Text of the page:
My cardio's nurse told me that the meter I received from Alere may be mine to keep, and it was. So I looked for strips on my own. They are cheaper on line, but for me, once my yearly deductible is paid (which it always is) it is cheaper on an annual basis for me to get the strips through my insurance. EdgePark gave me a new meter when I signed up. Both providers give you the meter for free and charge for the strips. I threw out a meter that was in my MIL house years after she died. Her service must have been the same because unlike the other medical equipment it didn't need to be returned.

Anybody know how long a meter is good for? It doesn't come with any recalibration or maintenance schedule.
 

slipkid

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tom in MO;n882271 said:
I've had my supplies come from two places Alere and EdgePark. My insurance, BCBS, determines where I can go. I did not like Alere neither did BCBS who dumped them. EdgePark is better but not by much. Weird thing is Edgepark's stuff is actually shipped from Alere. My cardio's office has a service so I call in my results to them.
Originally my cardiologist proposed weekly home testing to me and gave me a brochure to use Alere. I was than caught in a 4-5 week quagmire of BC/BS telling me that Alere was one of their in network providers with Alere originally saying so as well but then Alere telling me no that was not the case and they could not take my insurance. That is a huge long story (something about a "bluegap" technicality that was extremely difficult to finally get to the bottom of) that I think I already posted about up here somewhere, that illustrates how screwed up the USA healthcare system is.

Anyways, out of that a very good support person at BC/BS was able to find RCS for me who did take BC/BS and they used the Alere device. At which point my cardiologist balked at signing the paperwork for RCS though and sat on it for over a month because he was only familiar with Alere, and I had so many probs with my dosage management from the clueless fools that worked for the cardiologist that I was looking to escape from them anyway, and my PCP took over & got me started with RCS home testing....which leads me to ask you....at some point I thought Alere got OUT of the INR business. Their device was recalled (I was then switched to the Roche Coagcheck watchamacallit). Are you still using an INR meter/supplies from Alere????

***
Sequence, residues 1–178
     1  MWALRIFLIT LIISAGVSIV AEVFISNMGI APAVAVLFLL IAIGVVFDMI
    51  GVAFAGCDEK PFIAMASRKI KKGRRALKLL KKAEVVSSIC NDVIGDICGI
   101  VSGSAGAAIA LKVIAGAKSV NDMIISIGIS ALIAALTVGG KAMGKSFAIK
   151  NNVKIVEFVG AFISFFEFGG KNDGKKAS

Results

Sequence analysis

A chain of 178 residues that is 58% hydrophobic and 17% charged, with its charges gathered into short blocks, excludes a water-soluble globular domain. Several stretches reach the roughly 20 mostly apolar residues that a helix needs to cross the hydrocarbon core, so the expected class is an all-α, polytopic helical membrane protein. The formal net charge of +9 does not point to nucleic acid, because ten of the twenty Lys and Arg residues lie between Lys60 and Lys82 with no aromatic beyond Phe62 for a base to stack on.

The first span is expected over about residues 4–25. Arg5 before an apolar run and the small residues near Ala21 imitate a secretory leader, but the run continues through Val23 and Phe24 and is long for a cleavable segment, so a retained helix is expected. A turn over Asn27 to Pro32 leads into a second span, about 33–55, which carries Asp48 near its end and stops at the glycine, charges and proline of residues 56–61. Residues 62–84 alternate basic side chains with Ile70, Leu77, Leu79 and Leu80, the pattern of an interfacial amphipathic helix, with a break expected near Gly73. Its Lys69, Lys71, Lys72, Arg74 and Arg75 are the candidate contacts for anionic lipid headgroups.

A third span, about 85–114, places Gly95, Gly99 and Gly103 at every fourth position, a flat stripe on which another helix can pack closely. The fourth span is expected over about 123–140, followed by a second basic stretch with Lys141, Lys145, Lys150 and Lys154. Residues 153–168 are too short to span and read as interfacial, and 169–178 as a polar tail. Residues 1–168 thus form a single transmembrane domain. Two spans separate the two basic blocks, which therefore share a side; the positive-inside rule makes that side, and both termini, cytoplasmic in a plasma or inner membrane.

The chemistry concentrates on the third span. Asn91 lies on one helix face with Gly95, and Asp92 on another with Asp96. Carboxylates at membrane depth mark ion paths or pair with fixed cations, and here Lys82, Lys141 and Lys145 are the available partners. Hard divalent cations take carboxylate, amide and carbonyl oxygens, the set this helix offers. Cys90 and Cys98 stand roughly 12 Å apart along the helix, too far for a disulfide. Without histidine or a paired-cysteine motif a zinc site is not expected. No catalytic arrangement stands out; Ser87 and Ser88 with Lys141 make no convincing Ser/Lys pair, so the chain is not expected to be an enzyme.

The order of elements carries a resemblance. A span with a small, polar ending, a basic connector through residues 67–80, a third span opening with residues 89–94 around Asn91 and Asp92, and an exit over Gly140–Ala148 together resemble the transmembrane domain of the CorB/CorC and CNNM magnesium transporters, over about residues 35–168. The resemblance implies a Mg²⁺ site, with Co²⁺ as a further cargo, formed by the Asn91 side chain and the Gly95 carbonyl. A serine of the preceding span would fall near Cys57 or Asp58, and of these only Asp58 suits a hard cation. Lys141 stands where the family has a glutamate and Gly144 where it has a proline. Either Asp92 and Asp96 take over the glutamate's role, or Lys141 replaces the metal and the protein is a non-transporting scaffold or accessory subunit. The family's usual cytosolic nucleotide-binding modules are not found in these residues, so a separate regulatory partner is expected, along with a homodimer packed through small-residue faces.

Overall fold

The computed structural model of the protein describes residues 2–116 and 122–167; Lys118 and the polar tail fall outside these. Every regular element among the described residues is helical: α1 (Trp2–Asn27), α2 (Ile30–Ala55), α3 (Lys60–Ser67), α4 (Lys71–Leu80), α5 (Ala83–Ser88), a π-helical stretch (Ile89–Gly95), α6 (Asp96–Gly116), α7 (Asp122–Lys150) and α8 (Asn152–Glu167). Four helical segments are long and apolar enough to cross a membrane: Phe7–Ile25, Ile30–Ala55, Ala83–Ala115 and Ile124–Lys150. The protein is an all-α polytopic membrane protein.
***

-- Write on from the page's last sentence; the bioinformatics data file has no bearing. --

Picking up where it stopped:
pellicle

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tom in MO;n882271 said:
Anybody know how long a meter is good for? It doesn't come with any recalibration or maintenance schedule.
with respect to the Coagucheck XS I understood it was not needing any calibration as that was done in the chemistry of the strips (which have useby dates) and the accompanying code chip.
 

tom in MO

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pellicle;n882276 said:
with respect to the Coagucheck XS I understood it was not needing any calibration as that was done in the chemistry of the strips (which have useby dates) and the accompanying code chip.
True but sometimes just because the calibration is external to an analytical device doesn't mean that the device that uses the "reagents" on the strip and calibration information on the chip, doesn't need some level of accuracy and precision related to the use of the strip/chip calibrators. Lots of analytical systems have two calibration levels, one related to the reagents (i.e. chip/strip) and one related to the instrument's function. Often it's not a calibration, but a calibration check.

Then what comes to mind, is that if all that is necessary for calibration is contained on the strip, what about maintenance? I replace the batteries. but there are no statements from the manufacturer concerning when, if ever, the device needs replacement. I've found a lot of information on-line concerning accuracy, comparison to laboratory tests, etc. but nothing on long-term use of the same meter.
 

pellicle

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Well as I understand it, the machine just applies a current to "warm up" the reagents and that is likely to be a very simple reliable circuit. Then a timer circuit (also highly reliable olde schoole electronics) times the event. The code chip likely contains the requisite ISI scaling factors for each batch based in manufacturer sampling..

tom in MO;n882454 said:
but nothing on long-term use of the same meter.
Anecdotal evidence from me is that after over 5 years is showing no changes worth mentioning when I do my periodic (around 6 month or so) INR comparison to a lab.

P.S. I observe a small pinhole in the strip which I anticipate is used for LED (perhaps IR) illumination to observe when particular movement ceases.